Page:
Bausi, Alessandro and Friedrich, Michael, eds. Tied and Bound: A Comparative View on Manuscript Binding, Berlin, Boston: De Gruyter, 2023.


The present volume contains twelve chapters authored by specialists of Asian, African and European manuscript cultures reflecting on the cohesion of written artefacts, particularly manuscripts. Assuming that ‘codicological units’ exist in every manuscript culture and that they are usually composed of discrete elements (such as clay tablets, papyrus sheets, bamboo slips, parchment bifolios, palm leaves), the issue of the cohesion of the constituents is a general one. The volume presents a series of case studies on devices and strategies adopted to achieve this cohesion by manuscript cultures distant in space (from China to West Africa) and time (from the third millennium bce to the present). This comparative view provides the frame for the understanding of a phenomenon that appears to be of essential importance for the study of the structure of written artefacts. Regardless of the way in which cohesion is realised, all strategies and devices that allow the constituents to be kept together are subsumed under the term ‘binding’. Thus, it is possible to highlight similarities, convergences, and unique physical and technical methods adopted by various manuscript cultures to face a common challenge.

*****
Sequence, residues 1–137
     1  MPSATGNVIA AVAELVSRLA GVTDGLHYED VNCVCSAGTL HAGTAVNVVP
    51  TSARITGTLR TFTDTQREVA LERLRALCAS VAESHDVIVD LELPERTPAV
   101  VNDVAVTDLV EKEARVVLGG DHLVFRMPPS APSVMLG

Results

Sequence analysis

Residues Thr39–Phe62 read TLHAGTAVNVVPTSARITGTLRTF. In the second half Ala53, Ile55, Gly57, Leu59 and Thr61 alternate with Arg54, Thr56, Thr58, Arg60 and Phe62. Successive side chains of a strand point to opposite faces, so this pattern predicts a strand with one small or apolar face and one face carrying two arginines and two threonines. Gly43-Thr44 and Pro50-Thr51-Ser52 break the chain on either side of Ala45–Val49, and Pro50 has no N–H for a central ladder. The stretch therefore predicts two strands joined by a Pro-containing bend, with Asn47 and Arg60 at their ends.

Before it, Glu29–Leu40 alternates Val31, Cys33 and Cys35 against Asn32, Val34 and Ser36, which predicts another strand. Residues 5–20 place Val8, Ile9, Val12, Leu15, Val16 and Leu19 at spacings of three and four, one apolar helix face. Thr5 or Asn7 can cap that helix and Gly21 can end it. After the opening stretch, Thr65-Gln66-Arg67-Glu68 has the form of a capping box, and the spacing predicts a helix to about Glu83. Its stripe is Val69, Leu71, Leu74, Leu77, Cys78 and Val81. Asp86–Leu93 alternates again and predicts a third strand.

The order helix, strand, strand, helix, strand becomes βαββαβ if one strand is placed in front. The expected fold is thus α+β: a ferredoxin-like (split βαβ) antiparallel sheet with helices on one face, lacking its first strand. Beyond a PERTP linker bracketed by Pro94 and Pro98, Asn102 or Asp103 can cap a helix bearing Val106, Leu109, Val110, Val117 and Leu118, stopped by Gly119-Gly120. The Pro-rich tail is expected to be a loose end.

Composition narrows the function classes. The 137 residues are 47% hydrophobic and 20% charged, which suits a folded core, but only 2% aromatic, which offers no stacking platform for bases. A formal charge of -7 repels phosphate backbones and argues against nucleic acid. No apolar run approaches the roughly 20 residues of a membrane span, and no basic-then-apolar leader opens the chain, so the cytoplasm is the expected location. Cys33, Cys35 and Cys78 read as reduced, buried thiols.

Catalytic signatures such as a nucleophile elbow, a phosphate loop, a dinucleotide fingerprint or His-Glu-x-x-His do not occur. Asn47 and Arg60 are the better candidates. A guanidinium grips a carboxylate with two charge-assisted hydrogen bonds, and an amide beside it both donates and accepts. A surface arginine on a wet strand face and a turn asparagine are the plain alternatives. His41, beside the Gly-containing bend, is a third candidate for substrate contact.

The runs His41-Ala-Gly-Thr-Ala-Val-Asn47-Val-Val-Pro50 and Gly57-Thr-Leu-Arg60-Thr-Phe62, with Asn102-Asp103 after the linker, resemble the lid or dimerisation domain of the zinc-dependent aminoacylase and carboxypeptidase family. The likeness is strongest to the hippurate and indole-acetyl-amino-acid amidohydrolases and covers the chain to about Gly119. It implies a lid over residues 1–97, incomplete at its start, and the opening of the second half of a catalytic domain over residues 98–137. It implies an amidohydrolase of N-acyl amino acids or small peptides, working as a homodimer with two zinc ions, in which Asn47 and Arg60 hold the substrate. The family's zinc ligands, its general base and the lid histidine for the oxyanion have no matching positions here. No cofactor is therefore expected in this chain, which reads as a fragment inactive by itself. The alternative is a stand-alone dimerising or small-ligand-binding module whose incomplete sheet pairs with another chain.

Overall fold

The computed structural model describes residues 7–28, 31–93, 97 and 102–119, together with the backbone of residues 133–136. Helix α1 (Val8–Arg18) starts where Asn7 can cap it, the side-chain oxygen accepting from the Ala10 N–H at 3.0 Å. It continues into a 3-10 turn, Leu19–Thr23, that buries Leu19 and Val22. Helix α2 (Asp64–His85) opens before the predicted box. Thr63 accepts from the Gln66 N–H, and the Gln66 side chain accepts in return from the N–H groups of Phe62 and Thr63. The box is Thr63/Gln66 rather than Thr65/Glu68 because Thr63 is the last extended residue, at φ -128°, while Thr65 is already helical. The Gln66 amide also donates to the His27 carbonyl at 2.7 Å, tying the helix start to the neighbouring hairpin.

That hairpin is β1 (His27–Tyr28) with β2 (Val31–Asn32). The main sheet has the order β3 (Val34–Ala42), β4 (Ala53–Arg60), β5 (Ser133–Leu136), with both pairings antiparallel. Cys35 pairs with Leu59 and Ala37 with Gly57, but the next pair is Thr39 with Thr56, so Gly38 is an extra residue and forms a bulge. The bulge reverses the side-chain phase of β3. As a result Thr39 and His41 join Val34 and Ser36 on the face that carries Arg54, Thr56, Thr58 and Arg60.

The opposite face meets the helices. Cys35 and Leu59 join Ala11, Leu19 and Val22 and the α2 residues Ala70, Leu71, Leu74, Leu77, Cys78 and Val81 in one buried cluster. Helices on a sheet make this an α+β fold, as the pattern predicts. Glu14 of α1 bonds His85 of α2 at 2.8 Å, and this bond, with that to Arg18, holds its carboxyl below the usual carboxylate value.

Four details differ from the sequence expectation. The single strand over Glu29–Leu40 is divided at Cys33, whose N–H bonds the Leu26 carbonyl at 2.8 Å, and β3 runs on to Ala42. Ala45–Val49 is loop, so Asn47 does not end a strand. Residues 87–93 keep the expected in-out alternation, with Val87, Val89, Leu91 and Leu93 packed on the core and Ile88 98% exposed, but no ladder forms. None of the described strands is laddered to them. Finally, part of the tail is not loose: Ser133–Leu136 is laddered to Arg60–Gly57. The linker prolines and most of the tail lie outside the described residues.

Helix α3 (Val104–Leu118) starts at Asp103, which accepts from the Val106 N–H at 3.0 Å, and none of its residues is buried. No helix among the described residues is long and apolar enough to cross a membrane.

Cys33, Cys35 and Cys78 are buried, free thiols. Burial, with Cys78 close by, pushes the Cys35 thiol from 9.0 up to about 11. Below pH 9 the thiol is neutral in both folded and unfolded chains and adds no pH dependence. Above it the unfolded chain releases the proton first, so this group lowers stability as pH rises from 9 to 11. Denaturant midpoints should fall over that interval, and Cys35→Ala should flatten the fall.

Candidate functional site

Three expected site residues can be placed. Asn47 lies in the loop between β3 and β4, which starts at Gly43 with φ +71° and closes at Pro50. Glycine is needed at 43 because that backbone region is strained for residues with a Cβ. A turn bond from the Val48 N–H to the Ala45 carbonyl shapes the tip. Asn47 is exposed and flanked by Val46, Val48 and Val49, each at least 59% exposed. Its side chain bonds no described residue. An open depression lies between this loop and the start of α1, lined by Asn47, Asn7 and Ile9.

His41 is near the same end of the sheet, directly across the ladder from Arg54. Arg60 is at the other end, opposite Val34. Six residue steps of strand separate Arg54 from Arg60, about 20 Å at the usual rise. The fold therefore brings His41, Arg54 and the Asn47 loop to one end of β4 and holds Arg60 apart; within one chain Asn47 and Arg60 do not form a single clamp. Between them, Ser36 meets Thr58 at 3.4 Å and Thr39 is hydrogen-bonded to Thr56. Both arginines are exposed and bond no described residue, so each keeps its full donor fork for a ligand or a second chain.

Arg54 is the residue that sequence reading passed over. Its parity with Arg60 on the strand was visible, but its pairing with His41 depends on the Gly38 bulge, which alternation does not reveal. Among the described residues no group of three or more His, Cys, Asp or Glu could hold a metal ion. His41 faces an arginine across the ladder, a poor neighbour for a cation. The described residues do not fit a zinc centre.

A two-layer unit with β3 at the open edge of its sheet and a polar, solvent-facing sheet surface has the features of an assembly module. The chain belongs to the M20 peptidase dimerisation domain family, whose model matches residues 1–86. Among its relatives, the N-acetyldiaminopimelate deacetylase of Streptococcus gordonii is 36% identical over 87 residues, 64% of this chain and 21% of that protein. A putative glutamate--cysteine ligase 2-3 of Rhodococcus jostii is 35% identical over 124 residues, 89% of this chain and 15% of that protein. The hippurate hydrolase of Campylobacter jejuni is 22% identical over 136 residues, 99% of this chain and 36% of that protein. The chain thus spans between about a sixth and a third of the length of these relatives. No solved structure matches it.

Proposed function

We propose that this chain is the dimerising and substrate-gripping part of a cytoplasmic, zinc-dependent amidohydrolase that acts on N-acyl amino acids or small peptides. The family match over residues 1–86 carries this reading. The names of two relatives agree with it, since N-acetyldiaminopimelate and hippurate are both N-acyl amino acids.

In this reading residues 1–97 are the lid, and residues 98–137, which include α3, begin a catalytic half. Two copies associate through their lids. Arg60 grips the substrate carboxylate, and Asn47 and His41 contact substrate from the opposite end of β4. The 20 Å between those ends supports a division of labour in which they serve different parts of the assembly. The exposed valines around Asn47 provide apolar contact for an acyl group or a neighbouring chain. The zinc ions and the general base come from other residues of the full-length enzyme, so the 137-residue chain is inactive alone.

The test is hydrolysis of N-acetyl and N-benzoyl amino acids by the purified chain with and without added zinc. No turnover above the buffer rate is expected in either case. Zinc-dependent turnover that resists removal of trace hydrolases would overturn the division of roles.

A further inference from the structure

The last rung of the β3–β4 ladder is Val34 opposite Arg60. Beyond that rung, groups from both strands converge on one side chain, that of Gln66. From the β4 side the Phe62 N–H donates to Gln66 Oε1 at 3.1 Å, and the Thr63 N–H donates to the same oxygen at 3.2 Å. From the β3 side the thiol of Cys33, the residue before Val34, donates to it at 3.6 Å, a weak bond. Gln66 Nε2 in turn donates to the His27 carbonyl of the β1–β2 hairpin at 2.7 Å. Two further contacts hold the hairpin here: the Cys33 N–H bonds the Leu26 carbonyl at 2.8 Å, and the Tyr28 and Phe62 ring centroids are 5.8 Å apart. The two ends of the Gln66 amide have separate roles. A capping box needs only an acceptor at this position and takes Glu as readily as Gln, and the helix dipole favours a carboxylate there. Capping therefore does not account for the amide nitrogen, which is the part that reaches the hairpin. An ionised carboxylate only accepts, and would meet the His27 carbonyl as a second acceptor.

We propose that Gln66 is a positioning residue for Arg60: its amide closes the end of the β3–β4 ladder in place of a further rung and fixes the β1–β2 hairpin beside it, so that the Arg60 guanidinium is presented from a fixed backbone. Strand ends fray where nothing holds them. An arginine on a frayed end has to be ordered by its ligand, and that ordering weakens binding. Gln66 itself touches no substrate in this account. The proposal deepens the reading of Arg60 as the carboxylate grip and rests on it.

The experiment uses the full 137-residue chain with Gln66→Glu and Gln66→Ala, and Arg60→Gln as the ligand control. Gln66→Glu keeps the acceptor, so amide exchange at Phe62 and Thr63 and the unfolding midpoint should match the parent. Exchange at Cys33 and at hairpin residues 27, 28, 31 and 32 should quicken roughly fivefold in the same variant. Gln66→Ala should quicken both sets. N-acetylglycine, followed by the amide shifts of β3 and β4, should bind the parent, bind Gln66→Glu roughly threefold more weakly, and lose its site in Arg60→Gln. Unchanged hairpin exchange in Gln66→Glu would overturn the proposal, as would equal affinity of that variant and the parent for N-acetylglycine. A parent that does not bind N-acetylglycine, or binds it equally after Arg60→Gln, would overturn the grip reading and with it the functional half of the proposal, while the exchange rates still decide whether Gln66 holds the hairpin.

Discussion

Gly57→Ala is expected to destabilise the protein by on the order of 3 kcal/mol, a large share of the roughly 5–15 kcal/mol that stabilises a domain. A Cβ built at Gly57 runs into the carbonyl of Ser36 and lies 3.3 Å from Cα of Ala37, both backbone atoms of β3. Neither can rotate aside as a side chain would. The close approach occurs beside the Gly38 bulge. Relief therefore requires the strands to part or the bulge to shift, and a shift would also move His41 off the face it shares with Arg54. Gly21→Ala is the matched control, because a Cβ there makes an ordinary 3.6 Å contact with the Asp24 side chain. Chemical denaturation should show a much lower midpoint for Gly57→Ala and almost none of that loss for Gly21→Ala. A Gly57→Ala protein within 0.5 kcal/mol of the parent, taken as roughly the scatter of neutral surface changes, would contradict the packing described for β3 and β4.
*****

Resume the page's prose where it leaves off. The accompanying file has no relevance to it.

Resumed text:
Monday, November 6, 2023

Scriptura Job Openings for Exegetes on the Psalms